Talk on Teaching: The History Lecture in the Early-21st Century College Classroom
If you are looking for classes for the Spring 2016 semester, click on the "Courses" tab at the top of the page. Take a look at "Twelve Events that Shaped American History," "A Walk in the Woods: America's Love Affiar with Nature," and "Bring Out Your Dead: Death in American History." There's more.
The department, like the university as a whole, combines two models—the liberal arts college, with a strong commitment to undergraduate education, and the research institution, dedicated to the creation of new knowledge. We seek to integrate these two models to the benefit of undergraduates, graduate students, and the academic community at large. We offer students a Bachelor of Arts degree, as well as a master’s and a doctoral degree. In addition, the Lehigh history department offers both undergraduate and graduate students a concentration in public history, designed to provide the skills to make history accessible to the public in settings like museums, historical societies, and other non-profit institutions.
The study of history contributes to the goals of a liberal arts education by enabling students to gain a deep appreciation of the diversity of human experience over time. Small class sizes and the opportunity for individualized instruction mean that students have contact with a distinguished research faculty. The Department of History encourages students to actively participate in historical inquiry, whether in freshman seminars or graduate-level community-based learning. Faculty in the Lehigh University’s Department of History balance four missions:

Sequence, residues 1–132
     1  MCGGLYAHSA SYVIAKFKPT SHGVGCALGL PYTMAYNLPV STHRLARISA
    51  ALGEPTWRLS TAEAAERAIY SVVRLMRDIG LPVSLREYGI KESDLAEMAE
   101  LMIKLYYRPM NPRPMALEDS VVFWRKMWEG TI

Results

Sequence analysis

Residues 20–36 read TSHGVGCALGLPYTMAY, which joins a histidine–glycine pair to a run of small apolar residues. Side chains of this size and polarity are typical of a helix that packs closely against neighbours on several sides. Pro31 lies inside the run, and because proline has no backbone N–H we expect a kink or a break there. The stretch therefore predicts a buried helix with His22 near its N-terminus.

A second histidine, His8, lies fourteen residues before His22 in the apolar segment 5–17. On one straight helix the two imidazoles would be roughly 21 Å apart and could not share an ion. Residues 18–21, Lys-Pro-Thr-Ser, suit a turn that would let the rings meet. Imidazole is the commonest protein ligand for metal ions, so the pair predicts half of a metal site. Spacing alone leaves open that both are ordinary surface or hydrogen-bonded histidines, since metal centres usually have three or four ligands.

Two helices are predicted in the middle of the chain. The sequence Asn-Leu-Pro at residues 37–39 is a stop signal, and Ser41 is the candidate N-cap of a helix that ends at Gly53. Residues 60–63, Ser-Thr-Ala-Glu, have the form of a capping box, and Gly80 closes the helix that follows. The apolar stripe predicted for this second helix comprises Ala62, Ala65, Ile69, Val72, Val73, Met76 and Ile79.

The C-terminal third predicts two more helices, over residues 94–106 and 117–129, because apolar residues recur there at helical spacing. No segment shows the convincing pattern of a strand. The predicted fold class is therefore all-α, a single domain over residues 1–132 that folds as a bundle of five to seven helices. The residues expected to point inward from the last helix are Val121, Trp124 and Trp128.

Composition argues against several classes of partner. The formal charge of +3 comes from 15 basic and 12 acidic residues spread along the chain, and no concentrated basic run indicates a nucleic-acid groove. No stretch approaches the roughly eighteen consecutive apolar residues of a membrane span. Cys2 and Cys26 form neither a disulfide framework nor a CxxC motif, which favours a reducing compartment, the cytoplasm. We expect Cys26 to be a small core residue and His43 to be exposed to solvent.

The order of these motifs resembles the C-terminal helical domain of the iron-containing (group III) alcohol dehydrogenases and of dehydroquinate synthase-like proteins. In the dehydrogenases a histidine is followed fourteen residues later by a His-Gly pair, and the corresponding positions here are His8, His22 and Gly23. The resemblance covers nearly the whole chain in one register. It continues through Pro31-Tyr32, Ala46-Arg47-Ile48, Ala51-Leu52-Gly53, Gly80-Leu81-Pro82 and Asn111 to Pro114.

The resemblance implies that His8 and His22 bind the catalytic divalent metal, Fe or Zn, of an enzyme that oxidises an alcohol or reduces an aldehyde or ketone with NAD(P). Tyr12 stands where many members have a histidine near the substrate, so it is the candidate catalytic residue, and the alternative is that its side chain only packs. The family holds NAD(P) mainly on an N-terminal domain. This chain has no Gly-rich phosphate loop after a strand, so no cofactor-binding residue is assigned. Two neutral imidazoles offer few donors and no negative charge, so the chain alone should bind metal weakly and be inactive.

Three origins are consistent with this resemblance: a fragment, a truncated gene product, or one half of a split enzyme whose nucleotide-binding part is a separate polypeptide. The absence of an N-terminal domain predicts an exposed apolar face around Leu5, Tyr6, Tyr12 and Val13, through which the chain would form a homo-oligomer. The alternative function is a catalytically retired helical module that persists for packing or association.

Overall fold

- To offer undergraduates a history major;
- To provide a range of service courses for all undergraduates in order that they may fulfill requirements and pursue personal interests;
- To offer graduate students programs at both the MA and PhD level; and
- To contribute new knowledge through research in our fields
We are proud of the department’s history as the intellectual home of Lawrence Henry Gipson (1880-1971) a Pulitzer Prize-winning historian. His legacy at Lehigh University can be found in a continued interest in the scholarship of colonial American and the Atlantic World, and in the Gipson Institute, an active sponsor of scholarship and campus programs on eighteenth-century history. In addition, overlapping clusters of faculty have strong research and teaching interests in the areas of gender, culture, religion, social movements, globalization, technology and industrialization.
History Department Colloquium
All talks will be held in the History Commons, 346 Maginnes, at 12:10 pm
Douglas Boyd, University of Kentucky, Oral History in the Digital Age
Julie Gallagher, Penn State University-Brandywine, "We Must Get Our Voices Heard”: Women and Gendered Peace Activism in the Liberian Civil War, 1989-2003
Chris Brockman, Chris Campbell and Jason Slipp, Lehigh University, Digital History: Promise, Problems, and Practice